Google has come up with a way to overcome the ad-targeting gap between mobile web visitors and mobile app users, according to people familiar with the matter.
The online ad giant is set to begin testing a new method of targeting tablet and smartphone users that connects the separate tracking mechanisms that follow what people do on the mobile web and in mobile apps respectively, the people said. Until now, advertisers have usually been forced to treat individual mobile users as two unconnected people, depending on whether they are using a mobile browser or apps.
A Google spokesman confirmed the effort. “As an alternative to less transparent methods, we’re doing some tests to help businesses run consistent ad campaigns across a device’s mobile browser and mobile apps, using existing anonymous identifiers, while enabling people to use the established privacy controls on Android and iOS,” the spokesman said in an email.
The targeting method relies on Google’s two-million-plus network of third-party sites and its mobile app ad network AdMob, which is able to track and serve ads to users of hundreds of thousands of mobile apps across Apple’s iOS and Google’s Android mobile operating systems.
Obama said the department and administration have started reaching out to veterans who are on the wait lists to match them with care, have fired people and are investigating numerous allegations of misconduct.
Obama and members of Congress said one of the most important provisions of the bill is free: It allows McDonald free reign to fire people who are not doing their jobs or have engaged in unethical behavior.
If an employee does not meet standards of conduct, “You should be fired, period,” Obama said. Whistleblowers, Obama said, should be protected.
“If you blow the whistle,” Obama said, “you should be thanked. You should be protected for doing the right thing. You shouldn’t be ignored and you certainly shouldn’t be punished.”
“…Unless you blow the whistle on my or any of my pals. In that case, you’d better flee the country quick or my people will kill you or lock you in a cage for the rest of your life.”
The World Health Organization (WHO) has declared the spread of Ebola in West Africa an international health emergency.
WHO officials said the possible consequences were “particularly serious” because of the virulence of the virus.
The announcement came after experts convened a two-day emergency meeting in Switzerland.
I wonder… if they announced a vaccine tomorrow, would all the anti-vaccine people line up to get a shot?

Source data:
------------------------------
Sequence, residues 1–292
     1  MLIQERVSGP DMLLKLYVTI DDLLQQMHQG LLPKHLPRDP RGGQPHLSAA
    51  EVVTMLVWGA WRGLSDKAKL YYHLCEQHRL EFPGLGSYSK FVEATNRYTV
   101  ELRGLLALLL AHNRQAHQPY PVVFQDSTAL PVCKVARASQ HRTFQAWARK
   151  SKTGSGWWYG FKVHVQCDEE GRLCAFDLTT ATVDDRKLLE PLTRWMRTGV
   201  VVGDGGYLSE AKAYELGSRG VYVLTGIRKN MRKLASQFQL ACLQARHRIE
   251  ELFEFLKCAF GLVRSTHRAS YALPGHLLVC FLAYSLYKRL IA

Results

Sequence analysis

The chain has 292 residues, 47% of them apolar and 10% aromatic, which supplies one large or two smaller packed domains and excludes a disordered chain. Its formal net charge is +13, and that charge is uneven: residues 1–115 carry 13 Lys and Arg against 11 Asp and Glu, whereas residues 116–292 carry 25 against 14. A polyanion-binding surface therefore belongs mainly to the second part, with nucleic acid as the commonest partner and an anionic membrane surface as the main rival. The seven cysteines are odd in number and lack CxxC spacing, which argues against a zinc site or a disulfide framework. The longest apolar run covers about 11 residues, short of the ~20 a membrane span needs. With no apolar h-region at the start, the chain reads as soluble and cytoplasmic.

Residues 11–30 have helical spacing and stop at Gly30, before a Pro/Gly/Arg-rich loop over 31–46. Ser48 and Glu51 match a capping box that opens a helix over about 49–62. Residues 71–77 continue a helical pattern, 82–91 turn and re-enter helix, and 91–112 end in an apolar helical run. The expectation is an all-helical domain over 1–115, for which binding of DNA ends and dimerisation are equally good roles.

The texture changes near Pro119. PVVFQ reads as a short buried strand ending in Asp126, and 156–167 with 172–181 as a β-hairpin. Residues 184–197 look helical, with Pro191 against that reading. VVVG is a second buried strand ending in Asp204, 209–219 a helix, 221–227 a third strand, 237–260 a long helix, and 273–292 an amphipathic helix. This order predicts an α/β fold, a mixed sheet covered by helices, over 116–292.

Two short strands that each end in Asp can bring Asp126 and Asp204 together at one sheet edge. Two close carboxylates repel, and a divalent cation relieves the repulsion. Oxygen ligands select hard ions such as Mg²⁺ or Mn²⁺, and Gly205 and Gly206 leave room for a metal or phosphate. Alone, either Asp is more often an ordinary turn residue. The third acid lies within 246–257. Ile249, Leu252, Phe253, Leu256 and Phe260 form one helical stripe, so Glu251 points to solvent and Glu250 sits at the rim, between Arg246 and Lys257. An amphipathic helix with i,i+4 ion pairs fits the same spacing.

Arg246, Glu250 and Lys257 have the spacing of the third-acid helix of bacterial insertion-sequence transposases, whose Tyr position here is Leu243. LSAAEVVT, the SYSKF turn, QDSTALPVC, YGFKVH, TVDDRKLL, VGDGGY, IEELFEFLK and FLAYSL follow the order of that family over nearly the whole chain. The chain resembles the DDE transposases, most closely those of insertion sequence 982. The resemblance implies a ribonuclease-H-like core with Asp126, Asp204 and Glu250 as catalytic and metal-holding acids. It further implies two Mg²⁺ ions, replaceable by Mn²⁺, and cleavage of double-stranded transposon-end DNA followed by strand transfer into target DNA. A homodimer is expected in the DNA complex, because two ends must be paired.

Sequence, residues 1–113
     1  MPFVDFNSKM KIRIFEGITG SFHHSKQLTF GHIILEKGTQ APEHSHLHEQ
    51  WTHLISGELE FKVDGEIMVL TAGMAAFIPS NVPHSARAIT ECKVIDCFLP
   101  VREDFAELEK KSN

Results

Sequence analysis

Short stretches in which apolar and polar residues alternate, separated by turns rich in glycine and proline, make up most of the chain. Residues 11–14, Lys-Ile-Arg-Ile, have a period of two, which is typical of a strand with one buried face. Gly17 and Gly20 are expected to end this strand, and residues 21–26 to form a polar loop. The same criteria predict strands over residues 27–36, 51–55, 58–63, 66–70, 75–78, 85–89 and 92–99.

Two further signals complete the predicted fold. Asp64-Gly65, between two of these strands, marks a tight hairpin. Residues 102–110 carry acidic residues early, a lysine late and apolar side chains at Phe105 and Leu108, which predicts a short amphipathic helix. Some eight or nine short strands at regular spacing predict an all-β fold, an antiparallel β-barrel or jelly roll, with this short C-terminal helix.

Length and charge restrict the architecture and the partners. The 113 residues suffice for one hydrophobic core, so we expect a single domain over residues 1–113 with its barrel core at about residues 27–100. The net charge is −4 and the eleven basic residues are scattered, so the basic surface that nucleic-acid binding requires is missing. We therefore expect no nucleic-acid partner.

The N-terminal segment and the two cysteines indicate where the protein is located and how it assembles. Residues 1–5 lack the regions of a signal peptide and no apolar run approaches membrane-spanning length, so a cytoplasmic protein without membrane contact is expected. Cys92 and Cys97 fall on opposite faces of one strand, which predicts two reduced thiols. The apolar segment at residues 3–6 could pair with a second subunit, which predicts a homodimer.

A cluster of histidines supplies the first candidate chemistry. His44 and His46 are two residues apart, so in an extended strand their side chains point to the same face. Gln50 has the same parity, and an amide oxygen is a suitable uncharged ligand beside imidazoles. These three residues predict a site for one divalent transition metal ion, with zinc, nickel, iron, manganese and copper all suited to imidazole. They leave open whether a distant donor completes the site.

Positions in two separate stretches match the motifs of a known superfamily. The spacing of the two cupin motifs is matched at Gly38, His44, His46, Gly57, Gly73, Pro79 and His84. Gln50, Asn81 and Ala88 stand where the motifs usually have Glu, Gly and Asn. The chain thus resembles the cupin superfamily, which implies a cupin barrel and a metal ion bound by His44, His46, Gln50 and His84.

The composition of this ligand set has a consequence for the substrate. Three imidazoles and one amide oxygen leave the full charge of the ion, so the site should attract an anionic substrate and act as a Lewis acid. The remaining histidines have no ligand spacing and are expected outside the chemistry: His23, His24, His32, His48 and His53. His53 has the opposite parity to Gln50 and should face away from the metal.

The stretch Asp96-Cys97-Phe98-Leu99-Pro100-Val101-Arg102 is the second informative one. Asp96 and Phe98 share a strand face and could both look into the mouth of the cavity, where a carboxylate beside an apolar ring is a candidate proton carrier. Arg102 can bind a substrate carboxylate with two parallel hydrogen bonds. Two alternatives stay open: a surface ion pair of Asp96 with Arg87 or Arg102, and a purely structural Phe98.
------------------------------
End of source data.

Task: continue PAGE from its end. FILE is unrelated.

When Peter Ho, the senior defense official, met with John Poindexter back in 2002 about the Total Information Awareness program, Poindexter suggested that Singapore would face a much easier time installing a big-data analysis system than he had in the United States, because Singapore’s privacy laws were so much more permissive. But Ho replied that the law wasn’t the only consideration. The public’s acceptance of government programs and policies was not absolute, particularly when it came to those that impinged on people’s rights and privileges.
It sounds like an accurate forecast. In this tiny laboratory of big-data mining, the experiment is yielding an unexpected result: The more time Singaporeans spend online, the more they read, the more they share their thoughts with each other and their government, the more they’ve come to realize that Singapore’s light-touch repression is not entirely normal among developed, democratic countries — and that their government is not infallible. To the extent that Singapore is a model for other countries to follow, it may tell them more about the limits of big data and that not every problem can be predicted.
Edward Snowden, the former US intelligence contractor turned whistleblower, has been granted a three-year residence permit to remain in Russia.
Snowden’s lawyer, Anatoly Kucherena, told reporters on Thursday that Snowden had been granted asylum allowing him to move about freely and travel abroad.
Funny coincidence that, just as the Russians want to be really annoying to the West…
Speaking on his radio show on Tuesday, Wiles said, “Now this Ebola epidemic can become a global pandemic and that’s another name for plague. It may be the great attitude adjustment that I believe is coming… Ebola could solve America’s problems with atheism, homosexuality, sexual promiscuity, pornography and abortion.”
“If Ebola becomes a global plague, you better make sure the blood of Jesus is upon you, you better make sure you have been marked by the angels so that you are protected by God. If not, you may be a candidate to meet the Grim Reaper.”
President Obama is letting the CIA play a major part in censoring a report on brutal human-rights abuses perpetrated by CIA employees. This has always been self-evidently absurd: No possible arrangement would present a bigger conflict of interest. What many Americans might not know is that the CIA isn’t just intent on covering up torture. It’s also averse to the public knowing more about renditions, a euphemism for kidnapping people and handing them over to violent thugs.